To combine the exponentials we introduce the vector and the block diagonal matrix

With these, we have and so . The likelihood is then

which can be integrated analytically to obtain:

This is the likelihood (equation (3)) for the simple model of equation (4), and the quantity which we maximise in order to derive confidence limits. The 10 parameters we fit are . We stress that it is necessary to consider all of these together and Ωm and ΩΛ have no special status in this regard. The advantage of our method is that we get a goodness-of-fit statistic in the likelihood which can be used to compare models or judge whether a particular model is a good fit. Note that the model is not just the cosmology, but includes modelling the distributions of x1 and c.

With this MLE, we can construct a confidence region in the 10-dimensional parameter space by defining its boundary as one of constant . So long as we do not cross a boundary in parameter space, this volume will asymptotically have the coverage probability

where is the pdf of a chi-squared random variable with ν degrees of freedom, and is the maximum likelihood.

To eliminate the so-called ‘nuisance parameters’, we set similar bounds on the profile likelihood. Writing the interesting parameters as θ and nuisance parameters as ϕ, the profile likelihood is defined as

We substitute by in equation (10) in order to construct confidence regions in this lower dimensional space; ν is now the dimension of the remaining parameter space. Looking at the Ωm − ΩΛ plane, we have for   {0.68 (“1σ”), 0.95 (“2σ”), 0.997 (“3σ”)}, the values respectively.

Comparison to other methods

It is illuminating to relate our work to previously used methods in SN Ia analyses. One method14 maximises a likelihood, which is written in the case of uncorrelated magnitudes as

so it integrates over μSN to unity and can be used for model comparison. From Equation (3) we see that this corresponds to assuming flat distributions for x1 and c. However the actual distributions of and are close to gaussian, as seen in Fig. 1. Moreover although this likelihood apparently integrates to unity, it accounts for only the data. Integration over the x1, c data demands compact support for the flat distributions so the normalisation of the likelihood becomes arbitrary, making model comparison tricky.

More commonly used1,8 is the ‘constrained χ2

but this cannot be used to compare models, since it is tuned to be 1 per degree of freedom for the ΛCDM model by adjusting an arbitrary error σint added to each data point. This has been criticised12,13, nevertheless the method continues to be widely used and the results presented without emphasising that it is intended only for parameter estimation for the assumed (ΛCDM) model, rather than determining if this is indeed the best model.

Analysis of JLA catalogue

We focus on the Joint Lightcurve Analysis (JLA) catalogue11. (All data used are available on http://supernovae.in2p3.fr/sdss_snls_jla/ReadMe.html — we use the covmat_v6.) As shown already in Fig. 1, the distributions of the light curve fit parameters and are well modelled as gaussians. Maximisation of the likelihood under specific constraints is summarised in Table 1 and the profile likelihood contours in the Ωm − ΩΛ plane are shown in Fig. 2. In Fig. 3 we compare the measured distance modulus, with its expected value in two models: ‘ΛCDM’ is the best fit (Table 1) accelerating universe, while ‘Milne’ is an universe expanding with constant velocity. The error bars are the square root of the diagonal elements of Σl + AT−1ΣdA−1 so include both experimental uncertainties and intrinsic dispersion. We show also the residuals with respect to the Milne model (which has been raised to take into account the change in M0).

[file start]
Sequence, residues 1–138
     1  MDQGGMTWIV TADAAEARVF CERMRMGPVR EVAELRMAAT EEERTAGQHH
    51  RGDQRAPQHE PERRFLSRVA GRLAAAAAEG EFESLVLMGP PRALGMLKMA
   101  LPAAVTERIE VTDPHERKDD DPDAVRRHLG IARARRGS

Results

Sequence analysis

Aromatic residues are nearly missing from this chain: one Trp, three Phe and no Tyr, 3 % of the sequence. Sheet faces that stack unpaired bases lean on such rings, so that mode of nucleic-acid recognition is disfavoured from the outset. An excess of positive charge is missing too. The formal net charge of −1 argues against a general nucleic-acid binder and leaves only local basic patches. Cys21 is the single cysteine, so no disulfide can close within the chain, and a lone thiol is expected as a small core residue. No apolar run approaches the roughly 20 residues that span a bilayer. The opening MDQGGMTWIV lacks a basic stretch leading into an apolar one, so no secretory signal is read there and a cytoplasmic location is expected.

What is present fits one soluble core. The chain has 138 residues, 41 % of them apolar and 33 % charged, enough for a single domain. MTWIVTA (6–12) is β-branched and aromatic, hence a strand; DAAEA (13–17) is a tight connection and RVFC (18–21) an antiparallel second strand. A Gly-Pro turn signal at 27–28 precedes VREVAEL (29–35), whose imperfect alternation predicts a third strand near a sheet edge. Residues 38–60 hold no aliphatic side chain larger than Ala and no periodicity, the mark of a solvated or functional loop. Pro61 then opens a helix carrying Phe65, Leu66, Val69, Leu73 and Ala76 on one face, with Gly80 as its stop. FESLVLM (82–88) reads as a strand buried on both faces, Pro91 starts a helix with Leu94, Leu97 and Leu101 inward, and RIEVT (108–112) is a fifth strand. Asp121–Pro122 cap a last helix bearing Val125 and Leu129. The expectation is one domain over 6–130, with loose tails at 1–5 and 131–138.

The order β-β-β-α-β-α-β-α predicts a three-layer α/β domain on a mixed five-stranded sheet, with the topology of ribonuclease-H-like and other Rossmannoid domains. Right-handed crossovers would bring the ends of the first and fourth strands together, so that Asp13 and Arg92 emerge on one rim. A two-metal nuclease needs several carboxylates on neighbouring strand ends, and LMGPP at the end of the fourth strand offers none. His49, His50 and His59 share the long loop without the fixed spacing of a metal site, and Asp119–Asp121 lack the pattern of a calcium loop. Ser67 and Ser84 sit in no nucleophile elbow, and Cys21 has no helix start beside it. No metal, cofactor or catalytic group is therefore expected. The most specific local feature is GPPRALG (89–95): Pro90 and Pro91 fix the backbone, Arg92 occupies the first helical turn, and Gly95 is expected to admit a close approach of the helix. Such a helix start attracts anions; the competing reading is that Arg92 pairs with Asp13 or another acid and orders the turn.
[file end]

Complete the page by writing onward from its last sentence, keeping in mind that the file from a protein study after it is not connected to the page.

Table 1: Maximum likelihood parameters under specific (boldface) constraints ().
Figure 2: Contour plot of the profile likelihood in the Ωm − ΩΛ plane.
Figure 2

We show 1, 2 and 3σ contours, regarding all other parameters as nuisance parameters.

Figure 3: Comparison of the measured distance modulus with its expected value for the best fit accelerating universe (ΛCDM) and a universe expanding at constant velocity (Milne).
Figure 3

The error bars include both experimental uncertainties and intrinsic dispersion. The bottom panel shows the residuals relative to the Milne model.

To assess how well our Gaussian model for the latent variables describes the data, we show the ‘pull’ distribution in Fig. 4. These are defined as the normalised, decorrelated residuals of the data,

Figure 4: Distribution of pulls (14) for the best-fit model compared to a normal distribution.
Figure 4

where U is the upper triangular Cholesky factor of the covariance matrix Σd + ATΣlA. Performing a K-S test, comparing the pull distribution to a unit variance gaussian gives a p-value of 0.1389.

To check the validity of our method and approximations, we do a Monte Carlo simulation of experimental outcomes from a model with parameters matching our best fit (see Table 1). Figure 5 shows the distribution of , which is just as is expected.

Figure 5: The distribution of the likelihood ratio from Monte Carlo, with a χ2 distribution with 10 d.o.f. superimposed.
Figure 5

Discussion